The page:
Liquid fuels currently make up 60% of all energy used in Cape Town, primarily for transport,
industrial heating and household cooking and heating. Of these, the dominant are petrol,
diesel and jet fuel. Cape Town’s average demand for refined liquid fuels is approximately
46,200 barrels of oil per day2.

Calref, the Cape Town based Chevron-owned oil refinery, provides Cape Town with most of
her liquid fuels. The refinery processes over 100 000 barrels per day3 and would cost about
USD1 billion to replace. The amount of refined fuel imported is expected to grow in the
future as South Africa’s demand for fuel exceeds its ability to refine.

2
SAPIA fuel sales data for 2006, SAPIA 2007
3
SAPIA Annual Report 2005

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4.2 Sustainability issues with current scenario

The current energy scenario has a number of fundamental flaws which are discussed below.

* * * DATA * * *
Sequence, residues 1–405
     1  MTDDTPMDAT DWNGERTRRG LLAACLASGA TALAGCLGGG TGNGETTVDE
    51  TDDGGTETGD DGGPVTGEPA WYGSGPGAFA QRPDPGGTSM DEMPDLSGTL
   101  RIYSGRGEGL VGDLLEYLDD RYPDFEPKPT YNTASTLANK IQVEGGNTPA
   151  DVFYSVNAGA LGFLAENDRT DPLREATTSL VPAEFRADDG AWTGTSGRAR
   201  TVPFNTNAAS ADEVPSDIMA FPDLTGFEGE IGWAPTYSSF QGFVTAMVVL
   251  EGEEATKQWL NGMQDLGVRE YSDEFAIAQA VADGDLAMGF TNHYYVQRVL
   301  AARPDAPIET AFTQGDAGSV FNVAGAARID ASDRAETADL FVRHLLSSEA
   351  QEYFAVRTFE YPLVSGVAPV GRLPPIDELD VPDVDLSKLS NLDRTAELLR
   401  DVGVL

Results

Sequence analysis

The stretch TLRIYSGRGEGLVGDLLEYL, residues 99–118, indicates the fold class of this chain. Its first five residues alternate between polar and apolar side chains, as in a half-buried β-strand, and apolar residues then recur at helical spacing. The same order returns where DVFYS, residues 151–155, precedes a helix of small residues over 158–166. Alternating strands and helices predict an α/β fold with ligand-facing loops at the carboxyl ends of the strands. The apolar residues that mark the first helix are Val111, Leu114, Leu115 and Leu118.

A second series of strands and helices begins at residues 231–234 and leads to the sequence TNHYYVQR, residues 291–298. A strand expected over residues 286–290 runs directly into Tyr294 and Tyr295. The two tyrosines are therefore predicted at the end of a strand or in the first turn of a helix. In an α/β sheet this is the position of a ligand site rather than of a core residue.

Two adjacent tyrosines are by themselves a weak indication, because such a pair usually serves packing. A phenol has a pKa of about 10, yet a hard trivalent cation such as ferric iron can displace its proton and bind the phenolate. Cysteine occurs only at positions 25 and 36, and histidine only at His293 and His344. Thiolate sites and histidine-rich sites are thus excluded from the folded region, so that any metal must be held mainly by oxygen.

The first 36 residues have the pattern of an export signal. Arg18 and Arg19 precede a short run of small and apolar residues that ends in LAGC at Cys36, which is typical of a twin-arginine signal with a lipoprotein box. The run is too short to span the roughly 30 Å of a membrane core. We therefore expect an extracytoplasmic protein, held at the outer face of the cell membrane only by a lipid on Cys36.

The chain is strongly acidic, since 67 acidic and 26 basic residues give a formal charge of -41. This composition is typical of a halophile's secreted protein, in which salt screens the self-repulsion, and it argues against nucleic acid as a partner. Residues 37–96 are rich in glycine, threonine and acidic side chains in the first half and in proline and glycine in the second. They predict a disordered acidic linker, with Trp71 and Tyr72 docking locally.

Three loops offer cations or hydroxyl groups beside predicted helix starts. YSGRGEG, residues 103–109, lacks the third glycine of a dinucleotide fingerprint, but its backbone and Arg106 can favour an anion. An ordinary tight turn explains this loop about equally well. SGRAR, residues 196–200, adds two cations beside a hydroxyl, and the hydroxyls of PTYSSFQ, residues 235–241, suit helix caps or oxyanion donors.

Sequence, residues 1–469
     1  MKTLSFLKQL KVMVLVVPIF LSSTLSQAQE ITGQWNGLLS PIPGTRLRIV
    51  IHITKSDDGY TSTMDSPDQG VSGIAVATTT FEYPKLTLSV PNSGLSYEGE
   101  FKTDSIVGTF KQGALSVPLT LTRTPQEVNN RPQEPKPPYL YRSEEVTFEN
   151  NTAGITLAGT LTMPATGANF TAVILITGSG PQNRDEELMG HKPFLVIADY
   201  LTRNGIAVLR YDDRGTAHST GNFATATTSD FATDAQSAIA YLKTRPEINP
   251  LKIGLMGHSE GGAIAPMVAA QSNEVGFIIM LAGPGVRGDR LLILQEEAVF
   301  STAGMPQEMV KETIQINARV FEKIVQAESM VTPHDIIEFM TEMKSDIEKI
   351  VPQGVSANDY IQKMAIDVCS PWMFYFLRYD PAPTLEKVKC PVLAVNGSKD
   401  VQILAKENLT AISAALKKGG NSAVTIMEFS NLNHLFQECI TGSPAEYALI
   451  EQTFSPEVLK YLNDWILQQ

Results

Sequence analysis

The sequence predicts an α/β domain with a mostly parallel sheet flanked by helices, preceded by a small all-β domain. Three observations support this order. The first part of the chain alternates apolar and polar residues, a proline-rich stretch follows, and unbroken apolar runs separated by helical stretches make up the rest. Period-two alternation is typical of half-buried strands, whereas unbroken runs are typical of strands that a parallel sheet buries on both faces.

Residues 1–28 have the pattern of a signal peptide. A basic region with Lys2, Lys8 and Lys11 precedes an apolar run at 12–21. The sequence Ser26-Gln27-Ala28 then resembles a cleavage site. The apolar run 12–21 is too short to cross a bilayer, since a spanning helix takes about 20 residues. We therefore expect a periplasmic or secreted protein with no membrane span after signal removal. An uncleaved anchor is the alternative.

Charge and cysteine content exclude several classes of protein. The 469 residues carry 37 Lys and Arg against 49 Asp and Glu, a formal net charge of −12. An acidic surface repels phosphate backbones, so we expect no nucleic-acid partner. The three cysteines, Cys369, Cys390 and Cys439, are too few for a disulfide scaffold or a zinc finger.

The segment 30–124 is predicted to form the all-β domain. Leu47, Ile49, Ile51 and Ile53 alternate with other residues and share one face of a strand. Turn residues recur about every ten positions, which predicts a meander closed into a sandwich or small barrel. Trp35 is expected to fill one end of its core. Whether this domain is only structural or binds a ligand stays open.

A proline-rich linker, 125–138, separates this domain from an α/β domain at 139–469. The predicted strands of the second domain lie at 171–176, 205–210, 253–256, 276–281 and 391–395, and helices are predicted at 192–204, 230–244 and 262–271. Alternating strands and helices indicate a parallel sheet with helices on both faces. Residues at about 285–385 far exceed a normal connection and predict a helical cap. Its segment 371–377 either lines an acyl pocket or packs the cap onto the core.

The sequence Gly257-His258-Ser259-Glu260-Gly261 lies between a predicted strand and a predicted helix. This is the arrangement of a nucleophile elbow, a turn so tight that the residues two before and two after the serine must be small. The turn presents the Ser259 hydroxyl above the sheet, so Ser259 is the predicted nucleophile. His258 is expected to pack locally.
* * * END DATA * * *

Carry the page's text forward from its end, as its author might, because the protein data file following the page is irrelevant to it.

4.2.1 Electricity

The following concerns exist for the ongoing supply of electricity:


 Increasing demand for services with a supply that is currently constrained due to:
o Actual transmission capacity into Cape Town.
o Ability of ESKOM to meet National peak demands.
 Increasing energy demand for water due to increasing water scarcity (possible future
desalination plants).
 Increasing demand for HVAC, refrigeration and water heating, often without using
the most efficient technologies4.
 Dramatically increasing price of electricity from ESKOM (more than 40% pa).
 ESKOM set targets for reduction in demand, with steep penalties for non-compliance
 Tariff increases that historically have been below inflation.
 High Carbon and other emissions from coal based electricity, especially when
considering the losses from long transmission lines.
 Coal is a dwindling resource internationally which will place pricing pressure on local
supply to ESKOM.
 Nuclear (including PBMR) is considered an unsustainable future supply due to
massively rising costs5.

4.2.2 Liquid Fuels

The following concerns exist for the ongoing supply of liquid fuels:
 There are ongoing international pressures on the supply of oil.
 By 2012 there is likely to be a shortfall in the ability to produce enough liquid fuel6.
 Lack of fuel could impact tourism due to reduce air flights.

4
In commenting on the growth in energy demand in China: “half the demand growth is die to largely wasted